Sudan court refuses to free opposition detainees

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KHARTOUM, Oct 7 (Reuters) Sudan's Court of Appeal has refused a request to release 25 detained political opposition figures accused of plotting to overthrow the government but not charged yet, the defence team said today.

''The Court of Appeal refused our appeal against the renewal of their detention,'' said Ali Ahmed al-Sayyid, from the defence team of the opposition Democratic Unionist Party (DUP).

The 25, including Umma Party for Reform and Renewal leader Mubarak al-Fadil, his secretary-general Abdel Jalil al-Basha, DUP deputy secretary-general Ali Mahmoud Hassanein and retired police, security and army officers were arrested in July.

National security accused them of conspiring to overthrow the government, but no charges have been brought against any of them. Family members say interrogations ended on Aug. 25.

''We will meet today or tomorrow to decide...but we will now go to the Supreme Court,'' said Sayyid.

Sudan's Criminal Procedure Act states a suspect can be detained for a maximum of two weeks for investigation after which they must be released or charged.

Amnesty International said in a statement received by Reuters today that five men who were believed to have been tortured or beaten had received medical treatment and then moved to Kober prison with the other detainees. It said detainee Ahmed Salman had been examined by a specialist.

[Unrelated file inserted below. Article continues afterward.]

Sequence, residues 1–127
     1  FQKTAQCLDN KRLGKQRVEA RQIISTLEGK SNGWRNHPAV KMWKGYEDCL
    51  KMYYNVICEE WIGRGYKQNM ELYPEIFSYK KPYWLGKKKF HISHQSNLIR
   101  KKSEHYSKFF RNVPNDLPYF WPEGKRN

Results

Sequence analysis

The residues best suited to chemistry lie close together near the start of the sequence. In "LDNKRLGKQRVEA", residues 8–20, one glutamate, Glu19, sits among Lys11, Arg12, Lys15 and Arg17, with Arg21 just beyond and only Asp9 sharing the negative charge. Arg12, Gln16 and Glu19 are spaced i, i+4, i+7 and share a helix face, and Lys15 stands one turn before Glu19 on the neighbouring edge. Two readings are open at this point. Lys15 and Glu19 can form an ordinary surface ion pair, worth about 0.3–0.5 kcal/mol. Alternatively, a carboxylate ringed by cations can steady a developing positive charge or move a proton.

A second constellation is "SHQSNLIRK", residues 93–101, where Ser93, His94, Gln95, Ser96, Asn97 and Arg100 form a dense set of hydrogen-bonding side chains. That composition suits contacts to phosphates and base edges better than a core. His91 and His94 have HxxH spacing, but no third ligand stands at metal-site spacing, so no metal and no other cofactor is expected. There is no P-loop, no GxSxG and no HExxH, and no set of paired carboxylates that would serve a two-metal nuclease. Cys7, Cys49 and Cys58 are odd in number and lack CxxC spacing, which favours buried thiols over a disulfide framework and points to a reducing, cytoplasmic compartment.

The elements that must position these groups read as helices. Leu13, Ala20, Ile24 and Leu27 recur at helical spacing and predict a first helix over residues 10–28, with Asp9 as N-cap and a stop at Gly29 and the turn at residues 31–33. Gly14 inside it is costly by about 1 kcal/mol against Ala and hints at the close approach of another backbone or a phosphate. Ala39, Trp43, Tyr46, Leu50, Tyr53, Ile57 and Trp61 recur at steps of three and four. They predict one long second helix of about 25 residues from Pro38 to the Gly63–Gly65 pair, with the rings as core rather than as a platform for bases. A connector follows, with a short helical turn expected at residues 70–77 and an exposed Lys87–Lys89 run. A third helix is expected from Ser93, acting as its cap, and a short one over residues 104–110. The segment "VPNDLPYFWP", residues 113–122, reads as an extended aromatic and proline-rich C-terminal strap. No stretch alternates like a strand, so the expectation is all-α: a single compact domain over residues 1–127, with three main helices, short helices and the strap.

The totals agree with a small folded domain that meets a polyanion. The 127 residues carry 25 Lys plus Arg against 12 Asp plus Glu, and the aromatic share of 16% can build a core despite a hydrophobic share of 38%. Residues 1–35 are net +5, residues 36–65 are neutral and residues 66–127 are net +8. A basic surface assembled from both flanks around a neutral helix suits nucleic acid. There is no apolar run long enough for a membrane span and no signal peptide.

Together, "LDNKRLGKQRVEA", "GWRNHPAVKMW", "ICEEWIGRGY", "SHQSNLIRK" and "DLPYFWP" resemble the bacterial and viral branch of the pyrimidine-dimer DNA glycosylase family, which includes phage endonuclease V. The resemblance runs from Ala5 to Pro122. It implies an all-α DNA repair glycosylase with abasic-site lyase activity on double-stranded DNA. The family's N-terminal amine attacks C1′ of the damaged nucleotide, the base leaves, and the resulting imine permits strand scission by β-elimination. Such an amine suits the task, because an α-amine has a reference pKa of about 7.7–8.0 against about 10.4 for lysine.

''His medical certificate recorded a swelling on his left testicle and a cut on his chin, consistent with his account of being kicked between his legs and hit violently on the back while blindfolded so that he hit a wall, causing a 2cm long cut on his chin,'' Amnesty said.

''Abdel Jalil al-Basha described being slapped regularly on his face and back, prolonged standing with arms raised and sleep deprivation; he stated that he had lost his hearing in his right ear,'' it added.

Khartoum has vehemently denied any torture of the detainees, and has said it will take legal action against Amnesty.

Sudan's Justice Minister Mohamed Ali al-Mardi tried to ban reporting of the case but the media has largely ignored the order, saying it lacked legal basis.

Police banned reporters from taking pictures or filming a demonstration by families of the detainees on Thursday.

Yesterday, police detained and questioned Fadil's secretary and head of office for several hours, telling them they would be held personally responsible for further protests.

One family member, who did not want to be named, said Fadil's secretary was told that if it had not been the Muslim holy month of Ramadan, she would have been '' beaten, slapped and had her head in the toilet.'' UN special rapporteur for human rights in Sudan, Sima Samar, expressed concern over the detentions, and urged the government to work with more transparency on the matter.

Sudan is due to hold its first democratic elections in more than two decades by the end of 2009.


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